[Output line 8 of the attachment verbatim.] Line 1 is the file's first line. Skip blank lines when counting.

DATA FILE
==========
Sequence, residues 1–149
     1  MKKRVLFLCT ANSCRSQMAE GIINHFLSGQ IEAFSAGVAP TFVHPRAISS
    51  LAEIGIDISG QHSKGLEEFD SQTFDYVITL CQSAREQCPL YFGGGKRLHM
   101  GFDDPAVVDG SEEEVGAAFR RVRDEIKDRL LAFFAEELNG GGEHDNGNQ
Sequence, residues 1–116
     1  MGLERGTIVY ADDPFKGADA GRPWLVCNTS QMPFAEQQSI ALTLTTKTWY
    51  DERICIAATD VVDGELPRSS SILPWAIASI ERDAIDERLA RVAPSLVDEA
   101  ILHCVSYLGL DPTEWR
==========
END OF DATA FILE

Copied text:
   101  ILHCVSYLGL DPTEWR